Thursday, 6 October 2016

An Unwieldy Public Inquiry

Theresa May Bounced Into Folly of Overarching Probe

by Brian Bamford

IN April 2014, I received a message on my mobile phone from the journalist Peter Hinchcliffe from ROCHDALE ONLINE tipping me of about a press conference at Rochdale Town Hall called by Colin Lambert the then Labour leader of Rochdale Council.  At that conference Councillor Lambert changed the terms of reference of an inquiry he had previously set-up to investigate historic child abuse in Rochdale at Knowl View residential school up in Bamford village.  Following the publication in March that year, of a book by the local Labour MP Simon Danczuk, entitled 'Smile For The Camera: The Double Life of Cyril Smith', claiming to expose child abuse in Rochdale and beyond, Councillor Lambert then felt he had to respond and at that press conference he was supported by the then Greater Manchester Chief Constable Sir Peter Fahy.
But if Colin Lambert felt under pressure at that time to act on child abuse in Rochdale, the then Home Secretary Theresa May similarly responded by setting-up a national public inquiry on historic child abuse which ultimately swallowed-up the new Rochdale investigation led by Neil Garnham QC .  So began the creation of a monstrous over-arching national inquiry with 'eyes bigger than its belly' fanned to fever-pitch by ambitious politicians like the MP, Simon Danczuk, and  an assortment of hungry journalists.

The ultimate result of this all consuming national investigation has been institutional indigestion and administrative flatulence. This is obvious to most observers, though writers on this Northern Voices' Blog have been giving warnings about this for months on end.

Last Saturday, an editorial in the Financial Times (FT) announced:

'Confidence in the inquiry is so low that some alleged victims claim it it was set up to fail.'

We on Northern Voices, together with John Walker the former editor of the 'Rochdale Alternative Paper' (which had outed Cyril Smith in May 1979), in the Autumn of 2011 supplied much of the evidence of child abuse at Cambridge House that triggered this whole issue, and was used by Simon Danczuk and his aide Matthew Baker in the production of their book*. 

The FT editor last Saturday wrote:

'For a public inquiry to merit the time and money required, it must have something concrete about which to inquire.  It must be able to obtain evidence on which it can reasonably get at the facts.  And it must have a remit that it can plausibly complete within a reasonable period of time.'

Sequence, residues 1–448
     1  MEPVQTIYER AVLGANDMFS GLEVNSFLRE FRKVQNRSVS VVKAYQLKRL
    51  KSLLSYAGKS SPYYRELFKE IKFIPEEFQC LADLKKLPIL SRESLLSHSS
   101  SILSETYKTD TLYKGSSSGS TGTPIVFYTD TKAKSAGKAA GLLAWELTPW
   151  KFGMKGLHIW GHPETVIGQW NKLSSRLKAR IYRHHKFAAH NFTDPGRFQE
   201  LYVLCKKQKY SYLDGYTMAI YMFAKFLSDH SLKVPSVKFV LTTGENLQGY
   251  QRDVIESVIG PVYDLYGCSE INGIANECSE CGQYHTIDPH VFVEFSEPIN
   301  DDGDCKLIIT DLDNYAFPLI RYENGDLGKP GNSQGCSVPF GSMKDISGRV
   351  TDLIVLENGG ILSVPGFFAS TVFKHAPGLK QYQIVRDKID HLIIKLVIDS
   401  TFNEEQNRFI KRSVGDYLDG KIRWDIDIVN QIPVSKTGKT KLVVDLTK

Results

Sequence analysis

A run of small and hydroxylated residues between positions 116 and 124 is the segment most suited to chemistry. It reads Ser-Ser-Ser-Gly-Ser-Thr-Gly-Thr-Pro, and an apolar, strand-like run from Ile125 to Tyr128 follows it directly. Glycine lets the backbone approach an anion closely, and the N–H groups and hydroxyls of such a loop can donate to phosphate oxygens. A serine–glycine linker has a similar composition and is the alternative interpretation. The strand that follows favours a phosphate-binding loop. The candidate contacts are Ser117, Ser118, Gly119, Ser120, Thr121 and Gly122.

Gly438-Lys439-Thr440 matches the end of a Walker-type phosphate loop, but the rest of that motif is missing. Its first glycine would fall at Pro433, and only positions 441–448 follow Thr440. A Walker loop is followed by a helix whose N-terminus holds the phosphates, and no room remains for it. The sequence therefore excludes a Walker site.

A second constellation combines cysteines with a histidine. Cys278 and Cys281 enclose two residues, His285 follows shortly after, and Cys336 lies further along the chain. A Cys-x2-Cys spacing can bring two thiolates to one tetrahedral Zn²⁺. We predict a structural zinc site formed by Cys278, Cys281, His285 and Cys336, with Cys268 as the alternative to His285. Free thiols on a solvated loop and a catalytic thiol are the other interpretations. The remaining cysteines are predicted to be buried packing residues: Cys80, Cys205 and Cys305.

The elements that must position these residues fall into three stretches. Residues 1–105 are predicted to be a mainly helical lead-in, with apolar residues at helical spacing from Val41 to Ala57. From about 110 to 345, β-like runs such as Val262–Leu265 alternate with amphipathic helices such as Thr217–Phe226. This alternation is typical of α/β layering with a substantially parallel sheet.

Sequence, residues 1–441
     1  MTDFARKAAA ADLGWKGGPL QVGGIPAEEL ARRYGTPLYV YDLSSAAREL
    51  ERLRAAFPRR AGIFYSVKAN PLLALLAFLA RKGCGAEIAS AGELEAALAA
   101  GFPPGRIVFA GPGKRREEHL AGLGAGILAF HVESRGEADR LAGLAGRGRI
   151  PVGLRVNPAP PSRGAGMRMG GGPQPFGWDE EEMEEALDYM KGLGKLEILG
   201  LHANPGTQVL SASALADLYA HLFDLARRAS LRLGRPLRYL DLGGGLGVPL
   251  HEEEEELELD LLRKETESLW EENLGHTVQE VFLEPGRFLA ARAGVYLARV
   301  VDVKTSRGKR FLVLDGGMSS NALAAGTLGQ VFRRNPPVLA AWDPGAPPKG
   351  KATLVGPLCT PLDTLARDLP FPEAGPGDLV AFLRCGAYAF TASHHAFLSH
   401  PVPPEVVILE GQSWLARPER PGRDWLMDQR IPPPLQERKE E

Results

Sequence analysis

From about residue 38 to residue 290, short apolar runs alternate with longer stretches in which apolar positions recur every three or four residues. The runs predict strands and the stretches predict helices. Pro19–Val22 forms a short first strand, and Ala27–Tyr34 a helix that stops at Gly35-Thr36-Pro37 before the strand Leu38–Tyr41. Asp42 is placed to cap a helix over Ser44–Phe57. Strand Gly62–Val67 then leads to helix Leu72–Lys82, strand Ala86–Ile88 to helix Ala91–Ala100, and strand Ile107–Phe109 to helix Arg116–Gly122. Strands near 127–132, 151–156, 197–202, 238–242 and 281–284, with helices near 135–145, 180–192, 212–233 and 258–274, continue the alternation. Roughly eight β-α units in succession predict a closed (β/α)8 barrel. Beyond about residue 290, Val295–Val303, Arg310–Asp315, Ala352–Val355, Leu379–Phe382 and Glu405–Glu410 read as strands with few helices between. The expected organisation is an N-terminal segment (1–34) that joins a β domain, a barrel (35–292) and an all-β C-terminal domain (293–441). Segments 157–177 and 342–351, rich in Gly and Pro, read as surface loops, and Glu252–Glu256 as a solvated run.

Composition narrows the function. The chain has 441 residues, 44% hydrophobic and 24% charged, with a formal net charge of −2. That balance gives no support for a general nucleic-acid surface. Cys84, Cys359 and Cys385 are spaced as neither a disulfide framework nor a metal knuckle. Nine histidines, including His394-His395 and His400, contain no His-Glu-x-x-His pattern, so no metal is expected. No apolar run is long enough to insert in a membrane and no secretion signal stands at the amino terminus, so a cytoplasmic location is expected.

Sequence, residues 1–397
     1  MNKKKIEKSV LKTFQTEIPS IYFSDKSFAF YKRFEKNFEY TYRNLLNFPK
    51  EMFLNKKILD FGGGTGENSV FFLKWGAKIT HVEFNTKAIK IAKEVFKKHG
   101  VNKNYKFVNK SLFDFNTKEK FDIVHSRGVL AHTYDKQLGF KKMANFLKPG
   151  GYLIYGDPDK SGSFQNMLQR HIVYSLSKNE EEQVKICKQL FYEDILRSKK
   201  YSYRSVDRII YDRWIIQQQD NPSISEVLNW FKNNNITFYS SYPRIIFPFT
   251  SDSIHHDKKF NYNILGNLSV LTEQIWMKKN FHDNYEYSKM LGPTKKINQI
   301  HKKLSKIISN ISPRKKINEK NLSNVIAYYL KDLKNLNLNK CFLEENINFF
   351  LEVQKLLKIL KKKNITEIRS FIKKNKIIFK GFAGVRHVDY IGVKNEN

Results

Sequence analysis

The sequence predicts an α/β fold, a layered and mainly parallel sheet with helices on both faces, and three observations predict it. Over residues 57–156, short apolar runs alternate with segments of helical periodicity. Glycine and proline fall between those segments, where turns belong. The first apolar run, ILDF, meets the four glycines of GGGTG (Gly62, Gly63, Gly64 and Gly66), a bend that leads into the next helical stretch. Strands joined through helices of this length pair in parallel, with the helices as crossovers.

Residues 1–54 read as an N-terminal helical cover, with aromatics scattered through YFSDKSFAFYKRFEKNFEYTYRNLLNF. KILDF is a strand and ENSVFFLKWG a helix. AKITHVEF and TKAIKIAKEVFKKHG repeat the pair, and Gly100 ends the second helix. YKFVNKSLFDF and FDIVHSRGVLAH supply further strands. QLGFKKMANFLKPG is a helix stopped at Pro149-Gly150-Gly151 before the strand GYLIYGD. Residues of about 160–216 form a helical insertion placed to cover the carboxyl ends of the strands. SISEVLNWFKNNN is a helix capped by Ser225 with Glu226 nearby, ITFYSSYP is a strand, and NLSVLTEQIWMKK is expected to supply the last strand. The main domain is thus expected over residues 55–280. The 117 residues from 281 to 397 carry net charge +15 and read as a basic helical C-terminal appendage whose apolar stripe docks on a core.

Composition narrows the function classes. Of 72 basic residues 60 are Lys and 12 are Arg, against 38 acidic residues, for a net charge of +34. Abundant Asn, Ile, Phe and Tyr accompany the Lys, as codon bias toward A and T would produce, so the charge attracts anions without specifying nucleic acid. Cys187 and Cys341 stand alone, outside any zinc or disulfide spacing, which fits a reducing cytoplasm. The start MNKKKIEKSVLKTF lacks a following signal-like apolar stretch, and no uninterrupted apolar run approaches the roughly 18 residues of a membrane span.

The 'Independent Inquiry into Child Sexual Abuse', set up by Theresa May, did not meet these requirements.  It is too unwieldy and extensive,  It will have to depend on remembered testimony from people with ageing memories. 

The now Prime Minister, Theresa May as Home Secretary, probably acted with the best of intentions when under pressure of the Jimmy Savile and Cyril Smith revelations, she set up the inquiry two years ago.  In the end the inquiry now involves probes into 13 public bodies, and is expected to accomplish in a few years what the police couldn't do over decades.  It also aims to do a forensic study into how children can best be protected in future.

Perhaps, in the light of all this, we should not be surprised given all this that its development has been painfully slow or that the casualties and fall-out of chairs and other legal representatives have left the child abuse inquiry looking like a farce.

The first chair of the child abuse inquiry, Dame Elizabeth Butler-Sloss, resigned amid questions about the role of her brother who had served as attorney-general during the 1980s.  The second chair was driven out following a barrage of criticism about her “establishment links”.  The third resigned, and the forth, an experienced social worker, is already under attack.

Last weekend the editor of the FT points to what might be the root of the problem:

'This shows the folly of allowing those who are party to an inquiry to drive the process.  There is a difference between heeding their views and surrendering to the loudest voices...'

It seems that it is vital to get the right terms of reference for these kind of inquiries.  While the inquiry into the Bloody Sunday massacre in Northern Ireland took 12 years it only had to cover the events of one day, and it took 12 years to complete.  This current Historic Child Abuse Inquiry is so open-ended it is likely to surpass that, and in two-years it has already cost £20 million and it hasn't heard one hour of testimony yet. 
* Smile for the Camera: The Double Life of Cyril Smith Hardcover – 16 Apr 2014 by Simon Danczuk  (Author) and Matthew Baker (author)› 
Neil Garnham QC

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